I have previously covered a case of HM Compounding Services LLC, which sued Express Scripts for contractual termination. To remind, Express Scripts terminated the pharmacy for misrepresenting during a re-credentialing process that it never waived or discounted member copayments. In return, HM sued Express Scripts asserting various statutory and common law claims. See my blog post covering the case.

Now – after four years of litigation – the pharmacy not only lost the case but also agreed to pay $20 million to Express Scripts. How did this happen… that the pharmacy asking for $120 million in breach of contract claims had to pay $20 in counter-claims to the PBM?

Looking at the case pleadings and records, I can see several tough roadblocks that the pharmacy had to overcome and which eventually tripped it along the way.

Roadblock No.1: Waiving co-pays. During the litigation, Express Scripts presented ample evidence that the pharmacy was in fact not collecting some of the required co-pays. Waiving copays is a violation of state and federal anti-kickback laws and PBM contracts.

Roadblock No.2: Misrepresenting information on its application. Because Express Scripts was able to prove that the pharmacy was waiving copays, it was easy to show that the pharmacy misrepresented this fact on its re-credentialing application. This constituted a breach of contract warranting immediate termination.

Roadblock No.3: Aggressive litigation by Express Scripts. It’s not easy to litigate a PBM case. Litigation records show that every time a pharmacy sues a PBM, the case is aggressively litigated by the PBM, causing financial difficulties to the pharmacy, which is often forced to settle early or dismiss the case all together. In this action, however, Express Scripts went a step further by bringing multiple counter-claims, motions for sanctions, motions for dismissing the case and summary judgment.

Roadblock No.4: Early unfavorable rulings. The judge in this case refused to consider the antitrust claim brought by the pharmacy and decided to focus on the breach of contract claims first. Eventually he sided with Express Scripts and the pharmacy never got to argue its anti-trust claims. The judge ruled on the summary judgment motion holding for Express Scripts: “no reasonable jury could find HM substantially complied with its contractual obligation to collect copayments.” Because the judge dismissed pharmacy’s breach of contract claims, the trial would have focused only on Express Script’s counter-claims. Therefore, the pharmacy was forced into an unfavorable settlement.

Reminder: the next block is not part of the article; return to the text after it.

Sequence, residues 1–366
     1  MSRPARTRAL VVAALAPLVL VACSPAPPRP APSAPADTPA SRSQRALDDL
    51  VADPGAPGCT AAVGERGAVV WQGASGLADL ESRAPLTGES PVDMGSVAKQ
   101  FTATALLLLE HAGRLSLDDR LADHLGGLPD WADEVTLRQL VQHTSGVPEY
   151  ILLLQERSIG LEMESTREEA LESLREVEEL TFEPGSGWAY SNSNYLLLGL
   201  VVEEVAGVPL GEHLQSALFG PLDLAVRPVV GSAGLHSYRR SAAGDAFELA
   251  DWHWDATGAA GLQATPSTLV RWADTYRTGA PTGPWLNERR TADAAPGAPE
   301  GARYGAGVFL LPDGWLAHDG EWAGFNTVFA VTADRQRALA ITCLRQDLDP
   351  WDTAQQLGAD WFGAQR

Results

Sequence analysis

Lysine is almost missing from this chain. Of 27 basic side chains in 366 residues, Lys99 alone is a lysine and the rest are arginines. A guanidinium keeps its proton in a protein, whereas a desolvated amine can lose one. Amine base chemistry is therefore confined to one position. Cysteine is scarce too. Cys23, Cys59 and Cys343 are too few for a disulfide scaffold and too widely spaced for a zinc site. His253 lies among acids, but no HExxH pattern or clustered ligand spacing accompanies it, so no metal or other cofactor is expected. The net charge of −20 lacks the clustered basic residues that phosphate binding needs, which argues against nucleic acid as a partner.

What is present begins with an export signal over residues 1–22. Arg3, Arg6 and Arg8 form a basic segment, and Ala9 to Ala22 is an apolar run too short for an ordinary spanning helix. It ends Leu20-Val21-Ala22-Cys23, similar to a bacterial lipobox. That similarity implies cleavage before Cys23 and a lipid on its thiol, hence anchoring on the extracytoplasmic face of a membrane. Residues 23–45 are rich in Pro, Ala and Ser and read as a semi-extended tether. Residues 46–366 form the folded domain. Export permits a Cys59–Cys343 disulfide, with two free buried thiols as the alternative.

Roadblock No.5: Pharmacy’s attorneys tried to back away from the case. Two weeks before the trial, the law firm representing the pharmacy filed a motion to withdraw from the case citing “irreconcilable differences” with the client. The motion was denied because it would have left the pharmacy unrepresented at the trial. But you must agree that having an attorney who wants to get out is not a good thing in the middle of litigation.

Roadblock No.6: Sanctions and procedural misconduct. The pharmacy failed to meet many filing deadlines and misrepresented facts during the discovery stage. The judge ordered monetary and evidentiary sanction for “gross misconduct.” This misconduct led the judge to exclude most of the pharmacy’s evidence from the case.

As a result of these roadblocks, a consent judgement was filed under which the pharmacy is to pay $20 million to Express Scripts with 9% annual rate. The consent judgement constitutes the final judgment and may not be appealed.

The case reinforces the notion that litigation with PBMs is extremely risky, costly, and often unfair. This case, however, teaches many lessons. Some of them are: scrutinize the facts prior to suing anyone, choose a right litigation team, meet all the deadlines and cooperate with the court and other parties. Despite this unfavorable precedent, a successful case could nevertheless be brought against a PBM – it all depends on how prepared you are and your ability to tolerate the risk.